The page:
The DOTS treatment success rate is 81 percent and has remained stable at an average of 78 percent over the last five years. DOTS coverage is estimated at 91 percent, up from 55 percent in 2004, but in some highly dense metropolitan settings, such as areas in Port-au-Prince, coverage can be as low as 13 percent. The most populated department in Haiti, Ouest (West), has 34 percent of the country’s population but only 25 percent coverage.
Since 1998, the Ministry of Health (MOH) has supported the DOTS strategy in order to strengthen the national TB program, the Programme National de Lutte contre la Tuberculose (PNLT), and approved national guidelines and norms for TB control in 2002. However, the program lacks political and financial support from the government, and there is a lack of skilled technical human resources at the central level of the PNLT. A major problem in combating TB is that co-infection with HIV can run as high as 30 percent in some urban areas. Conversely, 20 percent of HIV-positive adults in Haiti are infected with TB. Strong stigma and cultural barriers attached to TB also interfere with case detection and adherence to treatment. Multidrug-resistant (MDR) TB has increased from 1.4 percent in 2004 to 1.9 percent in 2006. In partnership with three USAID-supported nongovernmental organizations, the MOH has taken steps to implement DOTS clinics in all 10 geographical departments in Haiti.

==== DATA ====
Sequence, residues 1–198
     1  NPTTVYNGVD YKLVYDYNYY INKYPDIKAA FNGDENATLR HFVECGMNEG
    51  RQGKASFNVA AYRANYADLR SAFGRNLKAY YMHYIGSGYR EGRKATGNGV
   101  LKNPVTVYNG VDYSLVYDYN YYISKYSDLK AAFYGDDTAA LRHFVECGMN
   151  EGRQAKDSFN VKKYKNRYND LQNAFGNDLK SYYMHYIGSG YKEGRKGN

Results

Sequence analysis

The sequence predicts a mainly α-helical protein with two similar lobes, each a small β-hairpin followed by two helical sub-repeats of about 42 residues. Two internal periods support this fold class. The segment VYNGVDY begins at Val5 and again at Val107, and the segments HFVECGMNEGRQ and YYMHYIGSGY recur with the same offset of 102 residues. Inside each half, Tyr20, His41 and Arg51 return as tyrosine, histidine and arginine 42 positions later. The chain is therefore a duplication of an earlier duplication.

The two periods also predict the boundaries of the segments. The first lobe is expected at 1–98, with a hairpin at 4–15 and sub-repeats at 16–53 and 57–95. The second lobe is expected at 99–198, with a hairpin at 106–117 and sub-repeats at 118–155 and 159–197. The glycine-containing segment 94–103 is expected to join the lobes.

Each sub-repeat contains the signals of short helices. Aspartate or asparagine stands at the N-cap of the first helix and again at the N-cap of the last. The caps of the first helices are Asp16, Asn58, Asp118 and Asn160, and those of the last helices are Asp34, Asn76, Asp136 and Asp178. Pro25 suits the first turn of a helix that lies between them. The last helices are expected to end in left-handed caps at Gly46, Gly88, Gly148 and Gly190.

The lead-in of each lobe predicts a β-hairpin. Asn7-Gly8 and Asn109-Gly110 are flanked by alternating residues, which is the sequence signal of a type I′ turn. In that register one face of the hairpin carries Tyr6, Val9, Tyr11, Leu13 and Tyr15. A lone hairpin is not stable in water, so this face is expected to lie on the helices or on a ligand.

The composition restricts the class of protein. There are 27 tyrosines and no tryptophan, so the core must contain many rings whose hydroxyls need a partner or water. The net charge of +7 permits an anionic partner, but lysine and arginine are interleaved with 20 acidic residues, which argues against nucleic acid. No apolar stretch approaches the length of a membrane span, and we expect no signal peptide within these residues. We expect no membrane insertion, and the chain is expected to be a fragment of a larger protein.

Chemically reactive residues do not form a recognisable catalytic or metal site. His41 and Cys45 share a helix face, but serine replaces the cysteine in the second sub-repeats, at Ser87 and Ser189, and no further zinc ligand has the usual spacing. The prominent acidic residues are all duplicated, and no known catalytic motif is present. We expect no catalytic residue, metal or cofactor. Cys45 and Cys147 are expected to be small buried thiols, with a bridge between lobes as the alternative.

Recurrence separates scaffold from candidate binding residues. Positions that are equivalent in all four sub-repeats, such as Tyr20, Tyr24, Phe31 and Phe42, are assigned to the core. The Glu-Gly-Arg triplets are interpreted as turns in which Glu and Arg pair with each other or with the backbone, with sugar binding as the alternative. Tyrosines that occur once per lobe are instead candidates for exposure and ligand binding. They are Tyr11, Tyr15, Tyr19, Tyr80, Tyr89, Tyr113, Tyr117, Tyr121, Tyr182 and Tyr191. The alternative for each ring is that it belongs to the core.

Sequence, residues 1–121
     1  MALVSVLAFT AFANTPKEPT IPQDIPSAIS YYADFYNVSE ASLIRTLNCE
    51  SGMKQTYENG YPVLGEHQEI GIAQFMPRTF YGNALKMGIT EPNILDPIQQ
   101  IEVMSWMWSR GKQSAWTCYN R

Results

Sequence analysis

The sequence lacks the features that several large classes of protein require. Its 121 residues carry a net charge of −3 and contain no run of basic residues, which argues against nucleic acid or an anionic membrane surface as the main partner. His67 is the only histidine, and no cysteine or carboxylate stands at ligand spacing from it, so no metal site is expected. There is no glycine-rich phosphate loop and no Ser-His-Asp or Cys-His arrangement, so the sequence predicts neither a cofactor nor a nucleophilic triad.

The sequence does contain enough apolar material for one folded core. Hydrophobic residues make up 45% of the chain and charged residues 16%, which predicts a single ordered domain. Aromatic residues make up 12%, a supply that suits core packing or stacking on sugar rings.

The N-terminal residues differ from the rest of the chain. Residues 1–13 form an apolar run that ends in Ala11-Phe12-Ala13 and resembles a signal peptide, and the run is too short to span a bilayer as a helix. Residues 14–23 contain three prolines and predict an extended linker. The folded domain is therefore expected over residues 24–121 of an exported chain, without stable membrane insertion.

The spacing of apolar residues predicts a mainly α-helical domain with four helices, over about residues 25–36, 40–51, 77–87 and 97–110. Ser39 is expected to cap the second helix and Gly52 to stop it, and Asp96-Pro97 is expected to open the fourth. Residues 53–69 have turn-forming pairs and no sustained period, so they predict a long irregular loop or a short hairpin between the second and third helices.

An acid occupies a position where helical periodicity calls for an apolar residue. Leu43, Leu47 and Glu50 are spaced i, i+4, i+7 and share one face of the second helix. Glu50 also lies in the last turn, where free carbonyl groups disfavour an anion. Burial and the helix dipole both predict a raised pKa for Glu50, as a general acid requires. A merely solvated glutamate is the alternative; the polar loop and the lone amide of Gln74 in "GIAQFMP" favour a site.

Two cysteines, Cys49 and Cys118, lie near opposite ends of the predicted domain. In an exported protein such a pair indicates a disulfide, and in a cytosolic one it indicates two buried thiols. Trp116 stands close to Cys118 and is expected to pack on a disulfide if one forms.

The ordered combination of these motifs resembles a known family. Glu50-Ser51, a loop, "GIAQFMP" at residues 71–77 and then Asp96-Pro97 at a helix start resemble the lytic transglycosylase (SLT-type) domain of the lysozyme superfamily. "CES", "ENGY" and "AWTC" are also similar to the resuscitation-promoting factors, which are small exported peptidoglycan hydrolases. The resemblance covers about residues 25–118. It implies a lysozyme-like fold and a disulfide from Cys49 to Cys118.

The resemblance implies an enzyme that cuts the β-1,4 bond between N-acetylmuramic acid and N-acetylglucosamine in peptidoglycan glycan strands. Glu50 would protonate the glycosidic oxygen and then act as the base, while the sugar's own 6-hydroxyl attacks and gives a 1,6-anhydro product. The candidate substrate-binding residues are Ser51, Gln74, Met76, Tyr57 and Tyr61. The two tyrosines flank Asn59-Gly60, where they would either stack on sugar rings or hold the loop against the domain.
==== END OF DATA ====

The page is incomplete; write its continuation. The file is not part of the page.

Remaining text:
Between 2003 and 2005, USAID funds for TB programming in Haiti averaged $1.8 million per year. USAID’s approach in Haiti complements the priorities of the PNLT. The major areas of USAID activities reinforce TB-HIV/AIDS program building within the national DOTS program and establish links between TB and HIV services in order to continue to increase case detection and improve treatment completion rates. Through the Santé pour le Développement et la Stabilité d’Haïti Project, USAID provides a continuum of care for co-infected patients based on the national norms.
Three Haitian non-governmental organizations (NGOs) receive support through this project: International Child Care/ Anti-Tuberculosis Crusade (ICC/CAT); Center for Health Development (CDS); and CARE. This new integrated community care and support project supports the provision of TB detection and limited DOTS treatment services in clinics and communities nationwide, serving approximately 50 percent of the Haitian population. In the past, the Tuberculosis Coalition for Technical Assistance had also supported the PNLT with technical assistance.
In the face of political turmoil and socioeconomic instability, TB control in Haiti has progressed in recent years. USAID support has led to improvements in TB control The international community provides significant support for TB control in Haiti. Other partners include the Haitian Study Group on Kaposi’s Sarcoma and Opportunistic Infections (GHESKIO), Partners in Health, Management Sciences for Health, and the U.S. CDC. In 2003, the Global Fund awarded Haiti $14.6 million for TB control and prevention. NOTE: You can find much more recent Global Fund information on Haiti here.
What does the world need to win the fight against TB? First and foremost, we must have a vaccine. There are over 50 tuberculosis vaccines being tested, but this is a very long and very expensive process. We also need better drugs - it is unacceptable that treatment should last well over six months. We also need better diagnostics so we can learn as soon as possible who needs to be treated. Above all, we need the long term will to see this struggle through.
Thanks for reading. We welcome your thoughts.